The success of telecommunications "trackers" suggests that utilities may be able to profit from instituting tracking stock capital structures that allow an investor to "cherry-pick" among regulated and deregulated businesses. But can't a company give investors the same choice by incorporating and listing separate subsidiaries? Why implement a tracking stock structure instead?
Because tracking stocks offer the benefits of segregated shareholdings without sacrificing the advantages of a combined balance sheet - greater borrowing capacity, higher credit rating, and the stability of a diverse asset base. In addition, a single corporate entity means one tax return and the continued ability to shelter income from one division against losses in another. And even for a utility considering an eventual spin-off, partial or complete, of some or all lines of its existing generation business, a tracking stock can be a useful intermediate step. With separate financial reporting already in place for a utility's generation operations, capital markets should be well prepared for receiving and pricing stock in a generation subsidiary that the utility eventually spins off.
Green Light From Wall Street. Tracking stocks often result in greater analyst coverage and better valuations for the divested subsidiary. Wall Street is familiar and comfortable with the strategy of prefacing a spin-off with a tracking stock issue. The stock market's enthusiastic reception of US West's separate tracking stock for its Media Group culminated in the Group's spin-off as an independent publicly traded company under the name MediaOne in November 1998.[Fn.8] Not long after that, in April 1999, AT&T entered into an agreement to acquire MediaOne for $85 per share, representing a return of over 500 percent since the stock was issued in September 1995 and over 200 percent in the five-month period since US West had completed the spin-off.[Fn.9]
Attracting Mr. Right. In addition to yielding a higher valuation for a spin-off, a capital structure with different classes of common stock that separately track a utility's generation and T&D operations also could serve as a prelude to a successful "exit" strategy. A utility with a tracking stock equity structure that puts itself up for sale will attract a pool of potential acquirers that includes those interested in acquiring all of its assets and operations as well as those whose exclusive interest is either the target's generation or its T&D operations. Transparent prices for tracking stocks will help establish market values for each business and ease the due diligence process. An acquirer that seeks only the target's generation business could exchange its own shares for the utility's generation tracking stock in a tax-free stock swap and "adopt" the target's T&D tracking stock by classifying it as its own tracking stock. An acquirer interested only in the T&D business would do the reverse - swap its shares for the target's T&D tracking stock and assume ownership of the target's generation tracking stock as its own after the acquisition.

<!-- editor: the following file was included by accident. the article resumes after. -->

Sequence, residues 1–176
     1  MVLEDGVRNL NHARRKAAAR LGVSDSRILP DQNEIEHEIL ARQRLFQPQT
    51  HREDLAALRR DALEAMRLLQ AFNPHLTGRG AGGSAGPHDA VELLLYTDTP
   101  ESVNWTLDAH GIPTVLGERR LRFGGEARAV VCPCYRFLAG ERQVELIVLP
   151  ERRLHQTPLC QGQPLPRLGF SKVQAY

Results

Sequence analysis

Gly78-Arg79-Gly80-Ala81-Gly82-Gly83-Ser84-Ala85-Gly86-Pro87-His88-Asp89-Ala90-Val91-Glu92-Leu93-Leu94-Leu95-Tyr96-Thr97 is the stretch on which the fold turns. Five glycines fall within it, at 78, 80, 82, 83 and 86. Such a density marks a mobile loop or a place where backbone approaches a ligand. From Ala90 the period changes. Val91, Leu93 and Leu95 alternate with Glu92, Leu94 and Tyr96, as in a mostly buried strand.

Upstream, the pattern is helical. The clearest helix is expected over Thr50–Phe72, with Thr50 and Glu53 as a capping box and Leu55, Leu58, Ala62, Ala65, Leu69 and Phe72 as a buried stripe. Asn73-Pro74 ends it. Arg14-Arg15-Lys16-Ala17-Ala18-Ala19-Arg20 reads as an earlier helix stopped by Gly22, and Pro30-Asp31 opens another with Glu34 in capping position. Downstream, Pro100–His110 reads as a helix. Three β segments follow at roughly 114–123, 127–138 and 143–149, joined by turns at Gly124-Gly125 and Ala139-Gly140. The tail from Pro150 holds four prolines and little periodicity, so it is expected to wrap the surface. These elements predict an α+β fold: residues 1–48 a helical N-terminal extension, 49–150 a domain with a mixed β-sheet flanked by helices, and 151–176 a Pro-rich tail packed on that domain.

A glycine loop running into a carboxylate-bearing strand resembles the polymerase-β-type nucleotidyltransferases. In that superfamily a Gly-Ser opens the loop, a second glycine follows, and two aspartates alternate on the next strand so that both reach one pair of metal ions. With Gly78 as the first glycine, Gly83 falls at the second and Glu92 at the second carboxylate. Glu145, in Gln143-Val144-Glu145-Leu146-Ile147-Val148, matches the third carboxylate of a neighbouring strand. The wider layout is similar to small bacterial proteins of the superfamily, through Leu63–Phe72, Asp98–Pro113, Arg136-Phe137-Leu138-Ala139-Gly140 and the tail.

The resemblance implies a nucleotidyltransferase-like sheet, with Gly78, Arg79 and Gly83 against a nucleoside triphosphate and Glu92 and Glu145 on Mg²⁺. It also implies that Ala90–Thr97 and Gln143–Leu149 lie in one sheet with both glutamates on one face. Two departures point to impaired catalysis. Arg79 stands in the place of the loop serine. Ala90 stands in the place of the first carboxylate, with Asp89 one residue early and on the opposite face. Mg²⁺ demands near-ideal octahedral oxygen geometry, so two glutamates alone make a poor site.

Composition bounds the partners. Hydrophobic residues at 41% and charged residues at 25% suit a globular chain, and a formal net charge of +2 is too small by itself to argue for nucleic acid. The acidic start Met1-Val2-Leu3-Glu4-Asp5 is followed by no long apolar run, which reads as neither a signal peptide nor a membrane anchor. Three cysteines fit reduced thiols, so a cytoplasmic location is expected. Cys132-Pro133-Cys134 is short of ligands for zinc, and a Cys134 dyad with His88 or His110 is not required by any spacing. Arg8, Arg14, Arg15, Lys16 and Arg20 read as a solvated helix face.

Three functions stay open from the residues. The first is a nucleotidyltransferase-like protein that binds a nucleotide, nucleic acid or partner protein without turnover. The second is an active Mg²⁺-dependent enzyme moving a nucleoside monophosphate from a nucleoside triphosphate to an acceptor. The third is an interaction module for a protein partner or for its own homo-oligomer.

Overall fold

Swapping Shares. The telecommunications industry again provides an example of structuring such a transaction. MCI WorldCom's recently announced bid to acquire Sprint highlights the benefits of a target's tracking stock capital structure in forging a deal. Under the terms of the acquisition, holders of Sprint's Class A Common Stock will receive $76 worth of MCI WorldCom stock for each Class A Common Stock share they own. For the separate Sprint PCS tracking stock, MCI WorldCom will issue a new tracking stock, swapping one new share for one old share. In addition, owners of the tracking stock will get a bonus of approximately $11 worth of MCI WorldCom common stock for each share they own.[Fn.10] Separate stocks linked to the FON Group and the PCS Group make it easier for MCI WorldCom to retain or divest either group after completing the acquisition.
A Hesitant Start - But now a rapidly growing list of issuers.